ETH Zurich spin-​off SmartBreed offers insect breeding tech for poultry farms

Chicken feed with benefits for animals and nature
calendar icon 2 January 2024
clock icon 3 minute read

Insects are used as animal feed in many countries because of their high protein content. The crickets, flies and mealworms are centrally bred and fed dead. In Switzerland, however, feeding dead insects to chickens is currently not allowed. Therefore, mostly non-​sustainable soya is on the laying hens' menu. So how do live grasshoppers find their way into the henhouse?

The new SmartBreed approach enables decentralised breeding. Crickets and grasshoppers are bred in the fully automated SmartBreed boxes, which consist of a container, sensors, and sophisticated software. The microclimate inside the box creates optimal conditions for the breeding of the insects. The box regulates itself by measuring humidity, temperature, and CO2 every second and compensates immediately in case of impending imbalance. This may happen when farmers feed lettuce leaves, for example, which increases the humidity in the box.

The feeding of the insects is done automatically via a funnel. 

"We supply the farms with the feed, which we produce from regional agricultural by-​products such as vegetable pomace and bran," says Christoph Bertschi, CEO of SmartBreed. 

One funnel filling is enough for a cycle of about one month until the fully-​grown insects are fed to the chickens alive. Every 4-5 days, the farmers have to clean the boxes and add fresh water.

Hen house. Photo courtesy of Jemina Küenzli

Ideally, the SmartBreed boxes are placed in a barn at room temperature. They can easily be stacked, need a 12V power supply and an internet connection. The SmartBreed team monitors them remotely. Thus, the effort for breeding is low. For a laying farm with 2000 chickens, it takes about 15 boxes with 2000 crickets each, with half a box being fed daily.

"Chickens love grasshoppers," says Bertschi, "and they enjoy catching them." 

In fact, many chickens in laying farms are terribly bored and therefore develop bad habits such as pecking their feet and feathers, which can sometimes lead to serious problems. 

"However, if you put live crickets in front of them every day, they instinctively chase them, become more active and are less bored," says Christoph Bertschi. This aspect and the quality of the eggs are currently being studied in more detail in a project funded by Innosuisse.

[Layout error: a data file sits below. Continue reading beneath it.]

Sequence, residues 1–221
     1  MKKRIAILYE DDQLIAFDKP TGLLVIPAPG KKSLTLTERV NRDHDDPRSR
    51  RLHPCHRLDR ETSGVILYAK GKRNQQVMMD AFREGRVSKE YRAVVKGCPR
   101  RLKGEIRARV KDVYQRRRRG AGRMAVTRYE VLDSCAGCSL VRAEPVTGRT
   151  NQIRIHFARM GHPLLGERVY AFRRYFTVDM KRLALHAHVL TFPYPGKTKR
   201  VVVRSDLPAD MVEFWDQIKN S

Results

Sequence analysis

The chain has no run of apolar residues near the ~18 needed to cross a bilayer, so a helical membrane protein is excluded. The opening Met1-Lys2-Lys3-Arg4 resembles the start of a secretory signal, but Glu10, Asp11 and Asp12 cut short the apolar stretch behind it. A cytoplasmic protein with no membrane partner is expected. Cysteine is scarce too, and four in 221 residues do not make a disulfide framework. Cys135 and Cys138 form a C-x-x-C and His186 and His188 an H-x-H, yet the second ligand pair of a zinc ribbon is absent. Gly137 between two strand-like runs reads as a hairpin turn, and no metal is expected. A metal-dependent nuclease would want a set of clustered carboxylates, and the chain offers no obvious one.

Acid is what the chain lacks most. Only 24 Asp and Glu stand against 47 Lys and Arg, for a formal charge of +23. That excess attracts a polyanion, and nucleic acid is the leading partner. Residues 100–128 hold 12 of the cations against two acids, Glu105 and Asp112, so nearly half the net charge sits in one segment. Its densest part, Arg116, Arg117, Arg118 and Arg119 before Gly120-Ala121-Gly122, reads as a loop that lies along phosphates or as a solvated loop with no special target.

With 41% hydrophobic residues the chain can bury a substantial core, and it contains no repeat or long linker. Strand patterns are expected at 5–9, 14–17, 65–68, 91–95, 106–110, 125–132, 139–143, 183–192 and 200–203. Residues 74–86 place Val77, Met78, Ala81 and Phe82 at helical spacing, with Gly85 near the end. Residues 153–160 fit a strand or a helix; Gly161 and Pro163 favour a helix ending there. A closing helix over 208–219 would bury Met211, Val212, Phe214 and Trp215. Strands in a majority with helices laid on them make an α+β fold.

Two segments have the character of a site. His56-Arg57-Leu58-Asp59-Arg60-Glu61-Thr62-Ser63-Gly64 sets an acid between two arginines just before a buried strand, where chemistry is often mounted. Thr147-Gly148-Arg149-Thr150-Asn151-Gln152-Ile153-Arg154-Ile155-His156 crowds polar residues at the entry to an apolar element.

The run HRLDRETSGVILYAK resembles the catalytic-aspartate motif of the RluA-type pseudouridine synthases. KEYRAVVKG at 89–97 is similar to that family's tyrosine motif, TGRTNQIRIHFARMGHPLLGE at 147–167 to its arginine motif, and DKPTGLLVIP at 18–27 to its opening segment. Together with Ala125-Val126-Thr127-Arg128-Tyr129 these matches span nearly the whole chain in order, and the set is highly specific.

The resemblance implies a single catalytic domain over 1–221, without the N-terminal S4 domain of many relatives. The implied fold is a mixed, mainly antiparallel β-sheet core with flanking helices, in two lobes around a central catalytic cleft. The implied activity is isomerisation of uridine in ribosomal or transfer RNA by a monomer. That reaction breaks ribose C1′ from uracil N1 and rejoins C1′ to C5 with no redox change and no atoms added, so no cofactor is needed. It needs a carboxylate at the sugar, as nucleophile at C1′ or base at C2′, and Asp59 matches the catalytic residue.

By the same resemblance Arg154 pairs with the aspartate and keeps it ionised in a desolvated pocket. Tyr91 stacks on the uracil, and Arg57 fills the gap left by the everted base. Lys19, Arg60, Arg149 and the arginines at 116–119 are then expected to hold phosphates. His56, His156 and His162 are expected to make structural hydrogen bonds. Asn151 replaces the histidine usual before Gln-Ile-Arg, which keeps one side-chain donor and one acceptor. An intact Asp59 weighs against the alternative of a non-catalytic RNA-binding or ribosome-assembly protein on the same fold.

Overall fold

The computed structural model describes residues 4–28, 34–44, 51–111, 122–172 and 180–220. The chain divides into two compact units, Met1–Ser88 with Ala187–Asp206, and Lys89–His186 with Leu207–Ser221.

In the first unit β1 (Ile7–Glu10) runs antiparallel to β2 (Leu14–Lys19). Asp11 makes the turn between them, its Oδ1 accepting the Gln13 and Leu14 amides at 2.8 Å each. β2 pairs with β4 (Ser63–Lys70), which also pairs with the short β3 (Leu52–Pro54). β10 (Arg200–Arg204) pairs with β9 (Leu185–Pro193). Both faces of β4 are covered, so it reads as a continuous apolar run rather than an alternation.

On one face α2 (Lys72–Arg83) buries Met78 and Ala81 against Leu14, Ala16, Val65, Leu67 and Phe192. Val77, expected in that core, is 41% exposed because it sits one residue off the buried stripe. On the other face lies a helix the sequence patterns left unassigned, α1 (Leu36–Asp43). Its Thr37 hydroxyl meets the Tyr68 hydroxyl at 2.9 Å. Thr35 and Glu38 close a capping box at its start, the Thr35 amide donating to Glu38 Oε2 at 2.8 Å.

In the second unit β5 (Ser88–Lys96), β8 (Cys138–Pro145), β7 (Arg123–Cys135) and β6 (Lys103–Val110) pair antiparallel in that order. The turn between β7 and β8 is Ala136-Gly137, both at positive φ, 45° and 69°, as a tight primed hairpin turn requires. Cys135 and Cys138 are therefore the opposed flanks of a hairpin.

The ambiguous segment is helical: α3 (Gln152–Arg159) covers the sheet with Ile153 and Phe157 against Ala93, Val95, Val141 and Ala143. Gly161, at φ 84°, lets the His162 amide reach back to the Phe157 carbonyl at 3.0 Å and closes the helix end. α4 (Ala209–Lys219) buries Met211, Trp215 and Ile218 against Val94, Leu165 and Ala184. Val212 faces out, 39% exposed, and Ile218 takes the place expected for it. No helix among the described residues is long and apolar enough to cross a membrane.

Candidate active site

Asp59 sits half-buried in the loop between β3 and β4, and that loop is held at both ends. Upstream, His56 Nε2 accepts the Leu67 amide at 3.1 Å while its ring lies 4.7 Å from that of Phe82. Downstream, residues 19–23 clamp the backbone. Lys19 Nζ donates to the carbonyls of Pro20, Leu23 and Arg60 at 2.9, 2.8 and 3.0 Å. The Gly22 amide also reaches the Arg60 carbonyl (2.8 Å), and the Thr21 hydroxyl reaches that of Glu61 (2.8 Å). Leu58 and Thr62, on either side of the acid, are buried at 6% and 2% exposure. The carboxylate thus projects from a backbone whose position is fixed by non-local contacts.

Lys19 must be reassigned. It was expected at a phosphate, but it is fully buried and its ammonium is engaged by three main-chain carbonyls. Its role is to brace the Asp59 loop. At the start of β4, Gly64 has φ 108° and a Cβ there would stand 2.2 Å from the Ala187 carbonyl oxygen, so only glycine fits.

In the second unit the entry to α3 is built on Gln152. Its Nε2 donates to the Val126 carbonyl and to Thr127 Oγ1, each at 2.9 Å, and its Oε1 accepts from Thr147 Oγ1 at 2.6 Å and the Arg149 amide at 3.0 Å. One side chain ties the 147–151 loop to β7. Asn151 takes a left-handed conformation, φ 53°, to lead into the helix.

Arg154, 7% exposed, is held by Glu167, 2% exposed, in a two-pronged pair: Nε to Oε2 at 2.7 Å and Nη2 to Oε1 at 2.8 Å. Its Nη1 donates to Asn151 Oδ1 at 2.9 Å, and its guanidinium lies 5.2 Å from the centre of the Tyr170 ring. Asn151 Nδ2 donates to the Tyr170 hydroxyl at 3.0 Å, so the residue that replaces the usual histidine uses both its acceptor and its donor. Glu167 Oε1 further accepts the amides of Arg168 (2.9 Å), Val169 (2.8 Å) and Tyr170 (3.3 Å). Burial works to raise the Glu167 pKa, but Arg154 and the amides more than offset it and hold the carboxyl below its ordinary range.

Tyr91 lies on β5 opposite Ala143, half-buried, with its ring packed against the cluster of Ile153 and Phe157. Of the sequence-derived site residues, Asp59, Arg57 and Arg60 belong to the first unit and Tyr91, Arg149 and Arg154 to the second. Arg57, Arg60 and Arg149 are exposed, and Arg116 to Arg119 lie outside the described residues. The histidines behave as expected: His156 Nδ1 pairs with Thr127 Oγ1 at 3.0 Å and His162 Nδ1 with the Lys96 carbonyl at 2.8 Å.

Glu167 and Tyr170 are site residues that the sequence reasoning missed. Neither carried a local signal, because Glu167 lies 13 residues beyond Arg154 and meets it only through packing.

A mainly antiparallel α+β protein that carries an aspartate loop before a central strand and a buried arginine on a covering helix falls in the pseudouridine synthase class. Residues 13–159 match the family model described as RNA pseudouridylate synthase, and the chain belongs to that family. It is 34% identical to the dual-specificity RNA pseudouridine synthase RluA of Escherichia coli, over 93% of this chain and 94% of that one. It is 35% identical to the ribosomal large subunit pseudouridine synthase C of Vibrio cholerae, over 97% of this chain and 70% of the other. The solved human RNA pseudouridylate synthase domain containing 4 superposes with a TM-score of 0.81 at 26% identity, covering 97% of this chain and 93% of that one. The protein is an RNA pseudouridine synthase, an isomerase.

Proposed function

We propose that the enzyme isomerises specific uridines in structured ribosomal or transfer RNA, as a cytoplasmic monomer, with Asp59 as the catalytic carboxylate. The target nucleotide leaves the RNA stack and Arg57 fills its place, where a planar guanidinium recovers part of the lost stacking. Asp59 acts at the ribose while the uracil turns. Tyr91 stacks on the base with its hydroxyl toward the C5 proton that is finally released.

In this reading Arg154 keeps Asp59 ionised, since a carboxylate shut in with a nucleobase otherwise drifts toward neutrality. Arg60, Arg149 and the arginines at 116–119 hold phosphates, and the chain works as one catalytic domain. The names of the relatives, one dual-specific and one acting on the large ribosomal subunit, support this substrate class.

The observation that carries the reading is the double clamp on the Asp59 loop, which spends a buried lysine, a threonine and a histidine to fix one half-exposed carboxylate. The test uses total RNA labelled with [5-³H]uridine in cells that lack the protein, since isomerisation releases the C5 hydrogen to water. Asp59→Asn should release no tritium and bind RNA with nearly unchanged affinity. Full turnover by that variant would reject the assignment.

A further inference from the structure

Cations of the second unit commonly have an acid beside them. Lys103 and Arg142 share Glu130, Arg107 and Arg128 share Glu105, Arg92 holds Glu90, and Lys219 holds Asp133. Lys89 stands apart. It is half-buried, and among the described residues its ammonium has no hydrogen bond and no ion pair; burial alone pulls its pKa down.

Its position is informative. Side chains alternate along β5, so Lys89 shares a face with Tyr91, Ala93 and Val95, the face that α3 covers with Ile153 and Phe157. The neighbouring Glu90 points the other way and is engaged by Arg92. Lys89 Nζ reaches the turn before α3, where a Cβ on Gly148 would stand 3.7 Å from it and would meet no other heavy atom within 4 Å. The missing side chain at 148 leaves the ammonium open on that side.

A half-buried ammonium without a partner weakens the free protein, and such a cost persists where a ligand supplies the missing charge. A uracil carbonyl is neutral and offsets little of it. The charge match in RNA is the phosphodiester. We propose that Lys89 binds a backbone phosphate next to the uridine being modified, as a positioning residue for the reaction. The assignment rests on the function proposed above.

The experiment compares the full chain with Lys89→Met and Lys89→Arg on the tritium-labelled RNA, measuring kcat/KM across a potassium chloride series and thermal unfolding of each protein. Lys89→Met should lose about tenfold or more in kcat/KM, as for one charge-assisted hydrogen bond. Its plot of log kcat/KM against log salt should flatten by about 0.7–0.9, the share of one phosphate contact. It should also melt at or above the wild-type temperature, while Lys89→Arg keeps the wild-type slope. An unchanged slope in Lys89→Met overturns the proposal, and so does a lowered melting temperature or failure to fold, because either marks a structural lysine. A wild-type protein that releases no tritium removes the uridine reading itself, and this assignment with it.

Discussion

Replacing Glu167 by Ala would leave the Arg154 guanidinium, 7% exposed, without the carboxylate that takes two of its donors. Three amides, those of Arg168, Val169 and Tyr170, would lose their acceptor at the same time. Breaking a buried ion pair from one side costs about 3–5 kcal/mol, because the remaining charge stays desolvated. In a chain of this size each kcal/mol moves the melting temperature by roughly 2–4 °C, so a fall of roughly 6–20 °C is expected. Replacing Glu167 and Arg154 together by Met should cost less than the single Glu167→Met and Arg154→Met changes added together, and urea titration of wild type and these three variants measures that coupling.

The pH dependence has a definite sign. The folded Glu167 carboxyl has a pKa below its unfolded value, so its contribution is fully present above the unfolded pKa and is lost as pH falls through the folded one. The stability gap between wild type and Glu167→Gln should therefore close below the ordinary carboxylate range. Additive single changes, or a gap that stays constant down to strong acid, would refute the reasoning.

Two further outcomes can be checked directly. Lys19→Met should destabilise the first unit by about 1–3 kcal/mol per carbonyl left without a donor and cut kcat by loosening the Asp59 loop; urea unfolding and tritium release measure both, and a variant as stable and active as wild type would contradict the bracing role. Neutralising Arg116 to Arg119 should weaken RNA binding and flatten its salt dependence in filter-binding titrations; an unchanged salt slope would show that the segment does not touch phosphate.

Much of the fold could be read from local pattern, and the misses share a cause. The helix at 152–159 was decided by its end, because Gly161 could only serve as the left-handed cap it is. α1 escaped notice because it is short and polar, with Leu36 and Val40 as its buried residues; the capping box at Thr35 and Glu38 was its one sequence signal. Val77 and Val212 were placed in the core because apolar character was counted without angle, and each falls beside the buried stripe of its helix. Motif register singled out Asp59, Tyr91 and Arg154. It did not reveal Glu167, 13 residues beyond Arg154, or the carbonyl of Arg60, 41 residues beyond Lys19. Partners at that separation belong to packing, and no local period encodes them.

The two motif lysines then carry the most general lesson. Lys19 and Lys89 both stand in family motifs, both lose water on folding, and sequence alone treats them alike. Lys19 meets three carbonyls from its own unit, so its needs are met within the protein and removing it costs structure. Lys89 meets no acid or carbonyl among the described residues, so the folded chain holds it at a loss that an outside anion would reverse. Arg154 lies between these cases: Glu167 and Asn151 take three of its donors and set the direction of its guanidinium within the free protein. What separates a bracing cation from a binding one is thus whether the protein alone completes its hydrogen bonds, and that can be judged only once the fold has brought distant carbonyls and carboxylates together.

Christoph Bertschi's team worked closely with Basel Zoo to develop and improve the SmartBreed Boxes. 

"Zoos already breed their own insects, as they are on the menu of many animals," Bertschi explains. "The SmartBreed Box system with hardware, software, sensors, and live animals is very complex. We are proud that Basel Zoo is now switching to our technology." 

For zoos, breeding their own insects is particularly interesting because they need different insects in large numbers and buying live insects is very expensive.

SmartBreed is currently working with six chicken farms of different sizes besides Basel Zoo. They can replace some of the environmentally harmful soya with the insects they have bred themselves. Feeding the chickens with live insects is more expensive due to the low price of soya, but it is much more sustainable and serves animal welfare.

Feeding dead insects will probably also be permitted in Switzerland in the foreseeable future. Such insects and mealworms are easier to cultivate and therefore also attractive in terms of price. Soya could thus be completely replaced by insects, which would make ecological sense. 

Bertschi explains: "A new market is opening up. At present, very large breeding farms are being established, even though many aspects are still unclear. At SmartBreed we are testing the breeding of mealworms and soldier flies, but we are still focusing on local production. This will differentiate us from large-​scale producers."

SmartBreed have now completed seed funding but are open to industry partners. They focus on medium-​sized laying farms with around 2,000 chickens.

Team SmartBreed from left: Christoph Bertschi, Patrik Bertschi, Raphael Floeder, Adrian Bertschi, Nicole Barth
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